"Thirty years ago I knew not one woman who rode motorcycles," reported Becky Brown, 53.
Today, Women in the Wind, an international women's motorcycle organization that Becky founded in 1979, has chapters in more than 70 cities in the U.S. and Canada.
She was one of two women—with Christine Sommer-Simons, 51, motorcycle journalist and author of the popular children's book, "Patrick Wants to Ride,"—inducted into the Sturgis Motorcycle Hall of Fame Wednesday morning at a breakfast in nearby Spearfish, S.D. A total of eight advocates, racers, writers, historical figures, and industry leaders—all 50+—made up the honorees.
Becky got her start riding show horses. She related, "It's a lot of the same feeling: one on one, independence, freedom. It's the difference between driving a sports car and riding in the bus."
Fellow Hall of Fame honoree and off-road racing champ, Malcolm Smith, 67, agreed. "Half the population is women. Why aren't half the riders?" he said, to great applause from the 400 breakfast attendees.
If Mary Wommer, 50, from Sisseton, S.D., had her way, they would be. "It keeps you young, independent, and [it] gives a sense of freedom you can't get anywhere else," she said. "And you can get away from your old man," she joked. She and her husband, Jack Laemmle, got married during the Sturgis Rally in 1999 and have been riding together ever since. "It bonds our marriage," she reflected.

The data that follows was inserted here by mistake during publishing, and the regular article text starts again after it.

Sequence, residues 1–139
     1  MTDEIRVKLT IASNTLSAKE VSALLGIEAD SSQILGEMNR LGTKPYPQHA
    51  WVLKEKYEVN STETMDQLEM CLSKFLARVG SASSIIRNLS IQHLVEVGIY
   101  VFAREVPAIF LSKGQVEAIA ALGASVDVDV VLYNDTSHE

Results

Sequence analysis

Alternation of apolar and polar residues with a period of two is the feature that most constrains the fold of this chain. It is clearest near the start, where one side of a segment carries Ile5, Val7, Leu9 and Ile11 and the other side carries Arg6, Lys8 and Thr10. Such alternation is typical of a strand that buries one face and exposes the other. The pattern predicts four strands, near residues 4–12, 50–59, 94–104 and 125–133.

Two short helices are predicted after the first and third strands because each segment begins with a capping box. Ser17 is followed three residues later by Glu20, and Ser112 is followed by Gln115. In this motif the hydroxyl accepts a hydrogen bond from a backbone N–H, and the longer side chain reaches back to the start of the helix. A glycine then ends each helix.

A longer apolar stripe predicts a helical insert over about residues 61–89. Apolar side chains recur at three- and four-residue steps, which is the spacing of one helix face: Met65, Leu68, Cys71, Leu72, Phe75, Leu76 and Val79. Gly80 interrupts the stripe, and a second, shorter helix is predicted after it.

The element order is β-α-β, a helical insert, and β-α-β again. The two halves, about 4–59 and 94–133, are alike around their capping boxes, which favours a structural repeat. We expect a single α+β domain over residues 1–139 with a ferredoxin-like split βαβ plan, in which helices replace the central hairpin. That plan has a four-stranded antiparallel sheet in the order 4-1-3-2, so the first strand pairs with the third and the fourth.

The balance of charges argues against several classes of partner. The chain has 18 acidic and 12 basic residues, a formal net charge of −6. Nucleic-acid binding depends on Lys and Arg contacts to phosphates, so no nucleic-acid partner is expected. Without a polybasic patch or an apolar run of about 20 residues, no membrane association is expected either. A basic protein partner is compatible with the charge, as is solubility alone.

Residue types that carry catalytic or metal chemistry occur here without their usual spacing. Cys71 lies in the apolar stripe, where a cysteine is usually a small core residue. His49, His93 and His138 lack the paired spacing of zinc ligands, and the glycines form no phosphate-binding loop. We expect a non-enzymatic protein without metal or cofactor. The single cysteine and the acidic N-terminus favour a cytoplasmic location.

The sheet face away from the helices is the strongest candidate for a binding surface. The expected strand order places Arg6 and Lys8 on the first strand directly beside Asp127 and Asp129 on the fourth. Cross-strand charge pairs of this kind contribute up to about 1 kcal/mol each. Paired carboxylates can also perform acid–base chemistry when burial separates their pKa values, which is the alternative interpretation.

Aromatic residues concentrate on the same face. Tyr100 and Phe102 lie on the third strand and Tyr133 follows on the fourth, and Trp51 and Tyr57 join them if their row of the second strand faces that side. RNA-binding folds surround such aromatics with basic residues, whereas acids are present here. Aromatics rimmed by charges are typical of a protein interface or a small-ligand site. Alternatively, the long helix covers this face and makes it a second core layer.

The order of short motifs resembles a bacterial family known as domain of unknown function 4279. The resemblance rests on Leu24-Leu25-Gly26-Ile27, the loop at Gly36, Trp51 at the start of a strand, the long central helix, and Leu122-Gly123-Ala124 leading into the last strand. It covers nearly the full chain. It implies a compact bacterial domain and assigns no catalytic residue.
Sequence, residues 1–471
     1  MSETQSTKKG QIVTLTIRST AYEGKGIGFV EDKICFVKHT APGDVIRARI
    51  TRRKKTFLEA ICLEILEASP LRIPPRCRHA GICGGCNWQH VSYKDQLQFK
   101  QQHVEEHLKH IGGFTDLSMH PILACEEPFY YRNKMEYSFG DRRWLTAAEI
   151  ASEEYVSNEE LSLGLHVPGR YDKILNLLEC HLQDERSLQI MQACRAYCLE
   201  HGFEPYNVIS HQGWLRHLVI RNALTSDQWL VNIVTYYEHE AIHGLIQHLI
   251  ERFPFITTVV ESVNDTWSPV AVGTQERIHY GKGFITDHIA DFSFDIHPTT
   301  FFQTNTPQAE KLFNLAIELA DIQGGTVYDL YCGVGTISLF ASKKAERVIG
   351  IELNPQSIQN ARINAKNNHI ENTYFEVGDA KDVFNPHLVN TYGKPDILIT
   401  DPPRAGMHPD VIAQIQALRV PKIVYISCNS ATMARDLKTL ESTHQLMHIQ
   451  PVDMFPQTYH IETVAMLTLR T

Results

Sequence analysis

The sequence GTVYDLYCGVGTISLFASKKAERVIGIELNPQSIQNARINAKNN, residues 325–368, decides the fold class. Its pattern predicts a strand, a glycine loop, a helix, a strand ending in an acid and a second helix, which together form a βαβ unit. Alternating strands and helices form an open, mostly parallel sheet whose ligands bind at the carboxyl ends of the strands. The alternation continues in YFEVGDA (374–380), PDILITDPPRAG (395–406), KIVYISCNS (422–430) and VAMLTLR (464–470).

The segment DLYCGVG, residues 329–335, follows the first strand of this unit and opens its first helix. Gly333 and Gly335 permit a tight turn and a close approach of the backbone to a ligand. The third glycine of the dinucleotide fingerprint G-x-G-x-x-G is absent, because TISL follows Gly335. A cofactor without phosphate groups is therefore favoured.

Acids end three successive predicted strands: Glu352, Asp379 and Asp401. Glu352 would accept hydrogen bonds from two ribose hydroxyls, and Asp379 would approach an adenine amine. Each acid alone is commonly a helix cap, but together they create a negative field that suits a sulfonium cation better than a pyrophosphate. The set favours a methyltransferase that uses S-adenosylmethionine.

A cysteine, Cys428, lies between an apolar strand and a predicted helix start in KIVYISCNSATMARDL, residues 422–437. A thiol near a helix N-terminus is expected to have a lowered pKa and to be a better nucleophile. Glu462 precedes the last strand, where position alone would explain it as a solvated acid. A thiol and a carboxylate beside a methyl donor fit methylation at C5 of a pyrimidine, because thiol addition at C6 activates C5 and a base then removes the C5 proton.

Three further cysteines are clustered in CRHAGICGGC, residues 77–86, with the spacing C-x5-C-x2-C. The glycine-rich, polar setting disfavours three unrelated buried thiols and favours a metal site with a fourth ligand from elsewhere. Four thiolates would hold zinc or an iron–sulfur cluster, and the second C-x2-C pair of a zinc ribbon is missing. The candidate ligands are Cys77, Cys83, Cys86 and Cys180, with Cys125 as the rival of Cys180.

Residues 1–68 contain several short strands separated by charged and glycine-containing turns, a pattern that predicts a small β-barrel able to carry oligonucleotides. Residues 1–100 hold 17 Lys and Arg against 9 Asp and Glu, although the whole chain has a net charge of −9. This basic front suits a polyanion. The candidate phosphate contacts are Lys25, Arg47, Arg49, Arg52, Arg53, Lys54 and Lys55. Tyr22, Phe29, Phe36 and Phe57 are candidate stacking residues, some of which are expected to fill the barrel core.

"I love to see women ride with the confidence to do what they love to do. It's empowering to women to ride," said Pepper Massey, 50, director of the rally and—no surprise—an avid rider.
It's also reassuring to know that these days, most manufacturers are building bikes that are more suitable for women. Their numbers have steadily risen to almost 10 percent of motorcycle buyers. "My first bikes were so high off the ground that I had to lean over to get my foot down," Becky recalled.
Even rock stars seem to be paying a new kind of attention to women. Steven Tyler, 60, (lead singer of Aerosmith! Liv's dad!) is in Sturgis exhibiting his new line of custom bikes. "It's not a macho motorcycle, and it doesn't have to be lowered for women," he said.
As to how Tyler continues to rock well into his AARP years, he related, "If there's one thing we've learned, it's that you don't get to be this age by being a fool."
For me, not being a fool has pretty much meant staying off motorcycles. It seems it's taken a rock star to get me on one. But of course, it wasn't moving.
If you're curious about two-wheeled speed, metal, black leather, roaring vibrations, or cheap transportation, Becky suggests you simply ask someone you know for a ride and see if you like it. And if you do, be sure to take a safety course.
Tomorrow: Harley Hitched!